It has most agreeable walks through avenues of trees, shrubs, and flowering plants, and is ornamented with a fine conservatory, rock work, water basins, and grassy plots. The Park, like the Grey Institute, the Hospital, and the Town Hall, was originally created chiefly by the aid of the revenues accruing from the waste lands with which Port Elizabeth was liberally endowed during the Governorship of Sir George Grey. Part of these lands were some time ago sold in allotments for building purposes, yielding an annual quitrent revenue available for the maintenance of the local institutions. A portion of the park lands still remain unsold and as the town progresses their value will be greatly enhanced. There are at present no suburbs corresponding to Rondebosch or Wynberg, where the inhabitants can resort, although some localities such as Walmer, Emerald Hill, and the woody coast lands towards the Van Staden’s River might easily be rendered very attractive in these respects. In their neighbourhood, are to be found many pleasant verdant slopes and patches of bush and clumps of trees, with cool freshening breezes from the sea, which naturally suggest a pleasant retreat from the ” weariness, the fever, and the fret of the Bayonian’s incessantly hard-working life.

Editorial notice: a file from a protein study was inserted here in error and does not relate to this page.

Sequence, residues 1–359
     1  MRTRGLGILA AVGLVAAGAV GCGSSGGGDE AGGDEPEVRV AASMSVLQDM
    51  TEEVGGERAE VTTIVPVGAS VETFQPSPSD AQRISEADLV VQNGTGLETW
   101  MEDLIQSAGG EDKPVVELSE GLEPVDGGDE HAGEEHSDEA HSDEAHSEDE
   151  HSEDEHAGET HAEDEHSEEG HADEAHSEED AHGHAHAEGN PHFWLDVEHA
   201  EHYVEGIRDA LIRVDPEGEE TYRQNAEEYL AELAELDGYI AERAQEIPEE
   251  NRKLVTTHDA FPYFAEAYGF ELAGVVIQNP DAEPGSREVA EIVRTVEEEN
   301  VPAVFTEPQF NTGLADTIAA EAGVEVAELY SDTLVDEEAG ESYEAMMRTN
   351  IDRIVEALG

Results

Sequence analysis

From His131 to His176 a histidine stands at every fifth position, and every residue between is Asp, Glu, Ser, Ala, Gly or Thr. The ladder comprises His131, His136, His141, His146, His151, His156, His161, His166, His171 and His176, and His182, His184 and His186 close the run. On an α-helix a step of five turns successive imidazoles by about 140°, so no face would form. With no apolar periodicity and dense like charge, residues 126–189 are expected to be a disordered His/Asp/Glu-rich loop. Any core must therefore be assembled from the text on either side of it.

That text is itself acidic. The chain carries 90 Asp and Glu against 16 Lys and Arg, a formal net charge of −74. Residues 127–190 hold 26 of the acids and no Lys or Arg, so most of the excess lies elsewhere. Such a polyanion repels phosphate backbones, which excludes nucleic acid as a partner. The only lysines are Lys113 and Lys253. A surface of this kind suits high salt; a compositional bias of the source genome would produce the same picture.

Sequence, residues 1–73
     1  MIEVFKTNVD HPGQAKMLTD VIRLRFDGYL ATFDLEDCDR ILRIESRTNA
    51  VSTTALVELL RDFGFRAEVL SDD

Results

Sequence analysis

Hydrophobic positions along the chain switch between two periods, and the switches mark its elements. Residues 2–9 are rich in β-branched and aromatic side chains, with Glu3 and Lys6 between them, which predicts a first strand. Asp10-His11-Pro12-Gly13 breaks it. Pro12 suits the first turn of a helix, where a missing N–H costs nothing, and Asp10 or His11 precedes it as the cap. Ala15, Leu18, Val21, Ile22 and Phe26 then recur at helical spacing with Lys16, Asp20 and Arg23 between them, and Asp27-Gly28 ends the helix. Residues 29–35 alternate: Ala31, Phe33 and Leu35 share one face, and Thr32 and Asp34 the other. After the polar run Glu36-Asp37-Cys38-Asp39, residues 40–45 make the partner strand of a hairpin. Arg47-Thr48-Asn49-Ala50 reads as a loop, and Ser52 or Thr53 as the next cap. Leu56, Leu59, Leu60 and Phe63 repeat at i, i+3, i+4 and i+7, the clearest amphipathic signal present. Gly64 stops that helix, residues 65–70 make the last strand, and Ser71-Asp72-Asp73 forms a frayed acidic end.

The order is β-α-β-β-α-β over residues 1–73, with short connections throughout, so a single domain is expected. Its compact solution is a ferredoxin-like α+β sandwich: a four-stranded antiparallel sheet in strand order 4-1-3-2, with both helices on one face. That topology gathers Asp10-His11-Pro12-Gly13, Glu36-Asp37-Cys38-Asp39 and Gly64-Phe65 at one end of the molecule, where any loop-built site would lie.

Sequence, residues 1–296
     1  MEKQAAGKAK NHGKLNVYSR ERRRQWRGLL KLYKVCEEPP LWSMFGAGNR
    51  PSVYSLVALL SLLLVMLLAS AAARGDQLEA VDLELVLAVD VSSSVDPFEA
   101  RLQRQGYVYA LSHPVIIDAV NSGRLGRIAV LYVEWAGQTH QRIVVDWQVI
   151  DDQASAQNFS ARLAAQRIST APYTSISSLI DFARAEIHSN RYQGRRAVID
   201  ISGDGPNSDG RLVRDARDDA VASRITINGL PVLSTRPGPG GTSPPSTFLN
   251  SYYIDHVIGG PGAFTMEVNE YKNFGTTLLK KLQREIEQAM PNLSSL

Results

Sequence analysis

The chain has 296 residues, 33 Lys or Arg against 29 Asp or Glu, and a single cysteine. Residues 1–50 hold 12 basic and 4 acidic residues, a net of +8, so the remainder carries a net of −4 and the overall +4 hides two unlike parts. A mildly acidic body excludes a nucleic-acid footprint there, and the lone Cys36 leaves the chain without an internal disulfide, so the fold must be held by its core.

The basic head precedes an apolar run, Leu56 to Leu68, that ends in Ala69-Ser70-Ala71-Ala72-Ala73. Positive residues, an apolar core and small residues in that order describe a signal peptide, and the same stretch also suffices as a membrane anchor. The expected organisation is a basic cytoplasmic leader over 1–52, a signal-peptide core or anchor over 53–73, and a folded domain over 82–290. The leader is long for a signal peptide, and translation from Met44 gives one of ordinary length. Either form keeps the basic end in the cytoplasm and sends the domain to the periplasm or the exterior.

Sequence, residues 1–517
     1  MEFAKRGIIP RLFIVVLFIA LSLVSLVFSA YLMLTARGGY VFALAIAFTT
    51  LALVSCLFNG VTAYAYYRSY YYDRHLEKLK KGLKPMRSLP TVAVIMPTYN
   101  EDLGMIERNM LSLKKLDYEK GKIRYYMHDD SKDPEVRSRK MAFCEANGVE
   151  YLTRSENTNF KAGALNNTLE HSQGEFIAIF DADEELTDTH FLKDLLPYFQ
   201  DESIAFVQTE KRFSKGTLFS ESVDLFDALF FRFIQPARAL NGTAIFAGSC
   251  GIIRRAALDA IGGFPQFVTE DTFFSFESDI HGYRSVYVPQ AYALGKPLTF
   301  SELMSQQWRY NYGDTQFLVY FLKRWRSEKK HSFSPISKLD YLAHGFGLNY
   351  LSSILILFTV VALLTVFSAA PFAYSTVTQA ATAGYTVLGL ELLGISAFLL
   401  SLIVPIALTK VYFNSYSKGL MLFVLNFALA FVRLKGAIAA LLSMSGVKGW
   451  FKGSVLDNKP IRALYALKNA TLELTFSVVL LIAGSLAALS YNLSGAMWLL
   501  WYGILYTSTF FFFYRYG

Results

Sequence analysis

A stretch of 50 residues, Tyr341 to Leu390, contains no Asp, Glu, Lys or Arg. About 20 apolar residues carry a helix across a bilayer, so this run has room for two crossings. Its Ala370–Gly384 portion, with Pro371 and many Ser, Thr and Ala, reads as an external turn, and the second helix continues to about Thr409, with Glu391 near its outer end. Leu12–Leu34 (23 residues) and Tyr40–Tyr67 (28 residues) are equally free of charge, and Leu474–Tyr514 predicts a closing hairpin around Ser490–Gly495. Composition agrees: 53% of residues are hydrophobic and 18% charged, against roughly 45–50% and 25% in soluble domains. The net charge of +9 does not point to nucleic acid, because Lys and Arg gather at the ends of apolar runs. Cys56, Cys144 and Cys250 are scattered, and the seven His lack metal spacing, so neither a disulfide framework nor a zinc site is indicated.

Port Elizabeth has been truly described by one of its writers as ” a place of business—not of pleasure. The man who goes to reside there, presuming he goes for the reason which attracts nine hundred and ninety nine out of every thousand, to get a living, must make up his mind not only to work but to work hard. A drone receives no mercy, be his status in society what it may. If he be a man of independent means people write him down as an ass for selecting such a spot for the enjoyment of dignity or ease. If he be dependent upon his physical or mental resources to earn his daily bread, he soon discovers to his cost that sloth and apathy find no ready response there. If he be sober and industrious, and willing to work there is work of all kinds for him to do, and plenty of it if he goes the proper way to look for it.” The amount of business done and the extent to which it has progressed may be gathered from the statistics of the port. These show that while forty years ago, the goods imported were only valued at £20,288, they amounted in 1872 to £2,447,280. The exports of produce in 1835 were valued at £33,000, and in 1872 they reached £3,137,400. Of the articles of colonial export contributing to this large increase, the principal one is the staple of wool. In 1835 the quantity shipped from this port alone was 79,848 lb. In ten years it increased to more than 2,000,000 lb. In 1855 it exceeded 9,500,000 lb. In 1865 it extended to nearly 30,000,000 lb. ; and in 1872 it swelled to 39,396,927 lb.